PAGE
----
I am a 31 year old woman, who has had "episodes" since my teens. Every month or so, I will get cramping, an urgent need to go the bathroom, excessive diarrhea, burning pain in my stomach, sweating, shallow breathing and I look very pale. After about 10 minutes, when I am through going...I feel better. About 2 years ago, I had an episode that contained blood. I went to the hospital. Subsequently had a colonoscopy and was told I had a bout of ischemic colitis. Since then, I have had about 10 episodes without blood and I just would like to know what it is. I have done research and have been tested without an answer. If this sounds familiar to anyone, please let me know what you have found out. Thanks
Hi. I am a 44 yr old woman and I have those same symptoms sometimes. I used to stay constipated all of the time, now I go from constipation to having one of those "episodes". I have talked to my gastro about it, but have not had any luck finding out why or what to do. I have had several colonoscopies and they never find anything wrong. Hopefully someone who knows what this is will respond.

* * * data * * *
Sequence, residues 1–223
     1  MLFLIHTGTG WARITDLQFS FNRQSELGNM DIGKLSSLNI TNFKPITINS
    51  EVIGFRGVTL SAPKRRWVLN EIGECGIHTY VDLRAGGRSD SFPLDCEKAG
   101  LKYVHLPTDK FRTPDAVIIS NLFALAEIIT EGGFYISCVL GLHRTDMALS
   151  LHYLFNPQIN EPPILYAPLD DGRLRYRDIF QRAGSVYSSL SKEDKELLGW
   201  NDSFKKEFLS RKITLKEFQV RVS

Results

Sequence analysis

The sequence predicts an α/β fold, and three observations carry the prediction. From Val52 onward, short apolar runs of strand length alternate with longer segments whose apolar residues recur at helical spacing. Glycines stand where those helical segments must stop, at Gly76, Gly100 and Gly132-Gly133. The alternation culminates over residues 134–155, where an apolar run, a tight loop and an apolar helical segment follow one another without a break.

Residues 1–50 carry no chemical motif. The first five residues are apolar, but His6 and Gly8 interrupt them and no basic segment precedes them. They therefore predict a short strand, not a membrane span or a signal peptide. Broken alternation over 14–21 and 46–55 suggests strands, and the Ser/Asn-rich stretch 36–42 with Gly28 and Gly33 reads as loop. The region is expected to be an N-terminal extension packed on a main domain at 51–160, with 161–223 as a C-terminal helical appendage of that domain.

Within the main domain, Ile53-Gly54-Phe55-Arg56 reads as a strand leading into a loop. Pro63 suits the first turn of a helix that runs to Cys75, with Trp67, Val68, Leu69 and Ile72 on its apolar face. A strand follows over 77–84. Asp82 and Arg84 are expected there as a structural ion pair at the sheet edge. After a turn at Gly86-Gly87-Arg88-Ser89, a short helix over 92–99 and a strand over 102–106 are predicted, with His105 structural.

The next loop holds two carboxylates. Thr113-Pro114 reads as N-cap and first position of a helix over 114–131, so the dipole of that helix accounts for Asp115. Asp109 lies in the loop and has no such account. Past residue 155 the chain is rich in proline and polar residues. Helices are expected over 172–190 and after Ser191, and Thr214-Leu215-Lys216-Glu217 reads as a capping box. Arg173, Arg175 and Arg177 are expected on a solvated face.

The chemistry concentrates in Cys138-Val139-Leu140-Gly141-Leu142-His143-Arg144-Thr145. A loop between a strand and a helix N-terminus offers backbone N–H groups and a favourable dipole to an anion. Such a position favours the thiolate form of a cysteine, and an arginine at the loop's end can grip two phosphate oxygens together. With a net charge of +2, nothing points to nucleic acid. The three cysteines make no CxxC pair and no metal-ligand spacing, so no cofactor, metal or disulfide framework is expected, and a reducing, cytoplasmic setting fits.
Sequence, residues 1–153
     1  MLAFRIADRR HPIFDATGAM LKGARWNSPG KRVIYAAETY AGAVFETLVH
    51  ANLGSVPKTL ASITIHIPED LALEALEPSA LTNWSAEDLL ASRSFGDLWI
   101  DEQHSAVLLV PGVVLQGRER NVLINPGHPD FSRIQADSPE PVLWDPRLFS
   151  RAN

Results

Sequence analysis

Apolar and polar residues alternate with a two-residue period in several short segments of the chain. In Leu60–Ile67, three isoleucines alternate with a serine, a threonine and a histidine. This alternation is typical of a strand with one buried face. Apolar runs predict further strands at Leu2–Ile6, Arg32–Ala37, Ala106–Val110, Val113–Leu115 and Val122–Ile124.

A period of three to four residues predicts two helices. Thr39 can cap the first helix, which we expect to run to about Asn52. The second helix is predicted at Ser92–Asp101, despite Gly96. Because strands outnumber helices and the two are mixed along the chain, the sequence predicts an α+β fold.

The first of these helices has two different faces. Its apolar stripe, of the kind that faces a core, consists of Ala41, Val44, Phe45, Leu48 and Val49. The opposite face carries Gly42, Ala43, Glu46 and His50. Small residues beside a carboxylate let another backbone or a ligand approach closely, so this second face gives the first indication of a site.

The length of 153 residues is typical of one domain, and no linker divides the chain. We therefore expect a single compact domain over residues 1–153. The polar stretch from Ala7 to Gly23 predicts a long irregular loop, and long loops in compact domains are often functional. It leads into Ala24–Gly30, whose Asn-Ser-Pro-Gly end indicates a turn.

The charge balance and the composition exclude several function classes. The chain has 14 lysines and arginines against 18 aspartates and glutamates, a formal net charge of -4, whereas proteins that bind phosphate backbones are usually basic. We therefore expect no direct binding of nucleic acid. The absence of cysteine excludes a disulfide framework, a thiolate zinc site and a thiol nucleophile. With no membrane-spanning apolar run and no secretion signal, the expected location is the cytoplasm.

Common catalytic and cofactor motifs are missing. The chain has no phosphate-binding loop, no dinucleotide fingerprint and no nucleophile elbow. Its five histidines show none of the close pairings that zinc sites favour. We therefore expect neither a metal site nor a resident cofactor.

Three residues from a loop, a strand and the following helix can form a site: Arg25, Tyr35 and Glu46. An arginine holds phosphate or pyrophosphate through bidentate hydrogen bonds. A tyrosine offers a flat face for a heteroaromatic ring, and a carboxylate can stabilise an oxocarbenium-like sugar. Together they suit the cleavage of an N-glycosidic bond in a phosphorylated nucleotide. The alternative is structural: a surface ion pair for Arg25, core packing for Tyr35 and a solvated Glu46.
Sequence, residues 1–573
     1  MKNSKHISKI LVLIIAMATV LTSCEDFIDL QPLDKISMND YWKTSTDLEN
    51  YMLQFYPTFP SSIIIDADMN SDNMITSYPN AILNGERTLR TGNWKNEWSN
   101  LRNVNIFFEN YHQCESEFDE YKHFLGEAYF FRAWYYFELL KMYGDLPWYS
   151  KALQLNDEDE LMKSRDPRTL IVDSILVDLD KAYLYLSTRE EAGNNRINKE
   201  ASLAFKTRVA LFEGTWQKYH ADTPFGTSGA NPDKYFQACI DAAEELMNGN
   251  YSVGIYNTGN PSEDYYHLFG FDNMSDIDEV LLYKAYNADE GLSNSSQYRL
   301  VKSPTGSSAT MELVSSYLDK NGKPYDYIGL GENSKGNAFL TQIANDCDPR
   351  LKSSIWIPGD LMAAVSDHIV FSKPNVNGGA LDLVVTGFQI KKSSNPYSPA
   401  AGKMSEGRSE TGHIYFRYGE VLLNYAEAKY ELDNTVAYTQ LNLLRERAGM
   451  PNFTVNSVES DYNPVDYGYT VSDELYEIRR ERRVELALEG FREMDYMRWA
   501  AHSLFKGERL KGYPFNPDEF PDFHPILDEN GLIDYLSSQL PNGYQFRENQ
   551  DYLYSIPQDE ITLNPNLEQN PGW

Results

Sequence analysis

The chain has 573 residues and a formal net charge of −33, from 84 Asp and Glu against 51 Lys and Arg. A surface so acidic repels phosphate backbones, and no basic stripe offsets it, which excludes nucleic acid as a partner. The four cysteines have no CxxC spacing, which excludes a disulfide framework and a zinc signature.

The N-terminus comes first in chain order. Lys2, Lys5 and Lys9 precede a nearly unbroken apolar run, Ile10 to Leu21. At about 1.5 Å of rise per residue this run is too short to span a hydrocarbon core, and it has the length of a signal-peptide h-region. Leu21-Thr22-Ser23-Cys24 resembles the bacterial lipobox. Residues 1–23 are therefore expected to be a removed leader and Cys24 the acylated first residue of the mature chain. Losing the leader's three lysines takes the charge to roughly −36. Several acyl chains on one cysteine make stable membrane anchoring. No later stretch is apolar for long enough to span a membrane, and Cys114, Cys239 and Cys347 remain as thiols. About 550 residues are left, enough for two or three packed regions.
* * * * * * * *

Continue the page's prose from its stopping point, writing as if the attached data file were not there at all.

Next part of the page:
Jirhodes11, how was the ischemic colitis treated? It is possible to have on-going bouts of the same issue if blood pressure changes occur or if small clots continue to occur. Do you make sure that you're well-hydrated? Do you have any unusual clotting issues? Could any meds you're taking contribute to clot formation? What else have you been tested for? The symptoms you're describing could unfortunately cover a number of other conditions.
You are encouraged to report negative side effects of prescription drugs to the FDA. Visit the FDA MedWatch website or call 1-800-FDA-1088.
The opinions expressed in WebMD Communities are solely those of the User, who may or may not have medical or scientific training. These opinions do not represent the opinions of WebMD. Communities are not reviewed by a WebMD physician or any member of the WebMD editorial staff for accuracy, balance, objectivity, or any other reason except for compliance with our Terms and Conditions. Some of these opinions may contain information about treatments or uses of drug products that have not been approved by the U.S. Food and Drug Administration. WebMD does not endorse any specific product, service or treatment.
Do not consider Communities as medical advice. Never delay or disregard seeking professional medical advice from your doctor or other qualified healthcare provider because of something you have read on WebMD. You should always speak with your doctor before you start, stop, or change any prescribed part of your care plan or treatment. WebMD understands that reading individual, real-life experiences can be a helpful resource, but it is never a substitute for professional medical advice, diagnosis, or treatment from a qualified health care provider. If you think you may have a medical emergency, call your doctor or dial 911 immediately.